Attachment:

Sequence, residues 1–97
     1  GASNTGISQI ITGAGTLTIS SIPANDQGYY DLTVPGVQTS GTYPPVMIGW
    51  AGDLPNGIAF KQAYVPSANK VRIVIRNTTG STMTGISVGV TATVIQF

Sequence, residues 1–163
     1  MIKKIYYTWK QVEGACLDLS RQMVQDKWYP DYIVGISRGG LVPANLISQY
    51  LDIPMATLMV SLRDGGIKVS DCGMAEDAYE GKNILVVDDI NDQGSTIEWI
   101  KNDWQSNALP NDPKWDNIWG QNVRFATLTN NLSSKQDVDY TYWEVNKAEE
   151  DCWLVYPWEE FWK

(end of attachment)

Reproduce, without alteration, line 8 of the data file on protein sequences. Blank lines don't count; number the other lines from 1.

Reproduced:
   151  DCWLVYPWEE FWK